Strategic use of the internet
Natasha Primo recently became the first-ever woman to chair APC, or the Association for Progressive Communications (APC), which one publication called The African Digital Commons described as being founded by a team "clued in to the potential power of ICTs at a time when many of us still thought of computers as glorified typewriters". Primo, also the executive director of the South Africa-based Women’sNet, outlines some issues, challenges and plans that stand before APC.
BBC’s Radio 4 has announced an appeal for cash donations to Computer Aid International (CAI). Meanwhile, this APC member is also launching a Kenya Cycle Challenge, which encourages volunteers to "cycle from the foot of Mount Kenya to the shores of Lake Victoria" in February 2006 in support of CAI’s work with Kenyan secondary schools. Computer Aid is looking for participants for what it calls a "trip of a lifetime". Besides cycling for hundreds of kilometres across "one of the beautiful landscapes on earth", participants also get a chance to visit schools benefitting from the project, along the way. Details from kenyachallenge @ computeraid.org
APC member Ungana-Afrika have been providing strategic technology planning services to the development community in Southern Africa for nearly three years. The processes have been refined through experience, and are presented here in their current form to assist other technology support providers to implement technology planning in their own context.
Material to share internet knowledge on wireless networking were developed as part of the ‘capacity building for community wireless connectivity in Africa’ initiative which is funded by IDRC and coordinated by APC. This is the first public release of the materials, which will be undergoing further revision during a pilot workshop series. Additional materials will be released in English, French and Arabic during 2006.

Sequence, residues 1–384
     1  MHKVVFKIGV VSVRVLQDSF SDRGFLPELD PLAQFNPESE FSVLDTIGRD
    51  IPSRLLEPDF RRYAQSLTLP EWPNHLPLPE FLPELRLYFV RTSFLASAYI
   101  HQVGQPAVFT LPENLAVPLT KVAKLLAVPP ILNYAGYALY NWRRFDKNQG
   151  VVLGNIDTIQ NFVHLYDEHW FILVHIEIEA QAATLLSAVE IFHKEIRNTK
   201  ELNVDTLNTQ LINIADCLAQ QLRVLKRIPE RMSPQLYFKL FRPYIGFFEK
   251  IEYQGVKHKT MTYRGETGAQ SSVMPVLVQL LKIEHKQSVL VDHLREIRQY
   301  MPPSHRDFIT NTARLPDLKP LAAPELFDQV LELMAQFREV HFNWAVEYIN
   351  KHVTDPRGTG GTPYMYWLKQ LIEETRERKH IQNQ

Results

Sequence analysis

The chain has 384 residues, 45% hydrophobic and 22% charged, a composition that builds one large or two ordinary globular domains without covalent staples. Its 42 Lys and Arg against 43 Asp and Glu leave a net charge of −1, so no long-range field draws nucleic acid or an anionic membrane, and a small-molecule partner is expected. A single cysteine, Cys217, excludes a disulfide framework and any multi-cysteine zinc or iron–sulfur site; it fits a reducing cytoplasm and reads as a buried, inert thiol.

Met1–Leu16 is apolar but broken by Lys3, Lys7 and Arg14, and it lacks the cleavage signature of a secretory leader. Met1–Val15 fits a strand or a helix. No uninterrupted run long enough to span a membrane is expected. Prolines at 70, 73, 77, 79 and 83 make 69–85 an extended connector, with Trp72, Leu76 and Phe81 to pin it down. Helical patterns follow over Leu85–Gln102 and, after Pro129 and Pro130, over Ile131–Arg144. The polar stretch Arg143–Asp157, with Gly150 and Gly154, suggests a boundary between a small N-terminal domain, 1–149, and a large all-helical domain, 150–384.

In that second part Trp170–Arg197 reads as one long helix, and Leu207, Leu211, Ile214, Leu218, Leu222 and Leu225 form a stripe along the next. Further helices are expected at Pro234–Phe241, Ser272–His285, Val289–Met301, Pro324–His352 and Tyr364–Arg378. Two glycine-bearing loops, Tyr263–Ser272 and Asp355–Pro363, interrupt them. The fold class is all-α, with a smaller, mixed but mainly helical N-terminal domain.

Four institutions from Latin America — ICA, CEPAL, LIS and Colnodo — have jointly launched an online repository of ICT-focused projects and professionals in Latin America and the Caribbean. The repository, Protic, can be found at www.protic.org. Currently, it contains information about over 850 projects and around 300 ICT professionals.
The Korean Progressive Network Jinbonet is currently conducting a study on the state of Korean National ID Number System. Its aim: to demo problems of Korean National ID Number System by contrasting how the same is abused in Korea, and comparing with cases of foreign countries. If you can answer some short questions by December 15, 2005, it would help the study immensely.
When an intiative in Brazil to promote community telecentres was endangered, the threat was turned into an opportunity. Free Software tools were re-engineered in a way that they became more powerful and useful. Telecenters that are part of a telecentre-network can use the new system to allow roaming accounts between telecenters. So, a user can create an account on a telecenter in one city and go to other city and login with his original account, without having to make another profile for him on the new telecenter.
With the focus at Tunis largely on who controls the Net, and the
far-from-sophisticated control mechanisms of Tunisian society, the issue of
what the Net can — and is — doing for the excluded in the planet might
have taken a back seat. Disparity in accessing the levers of communication is markedly sharp. But interesting stories are coming in about what’s possible from various parts of the globe — href=“http://www.ipsterraviva.net/tv/tunis/viewstory.asp?idnews=385”>Africa, in the field of education, href=“http://www.ipsterraviva.net/tv/tunis/viewstory.asp?idnews=383”>the American Indian indigenous people, and beyond. Undeniably, the harsh reality needs to be acknowledged and dealt with too….
WSIS: "good discussion, people were given a chance to speak out from all kinds of minority positions and it showed well what a powerful tool the internet is, from the perspective of independent journalism."
With this excellent title Havis, an international NGO promoting the freedom of expression organised a whole two-day event, gathering a collection of rather interesting people from all over the globe. All discussions and presentations focused on the “most extreme cases”, the exercise of the freedom of communication under hostile regimes – hence the title. The Tunisian government has asked the organisers to change the topic of the event because they found it irrelevant to the WSIS. AUDIO LINK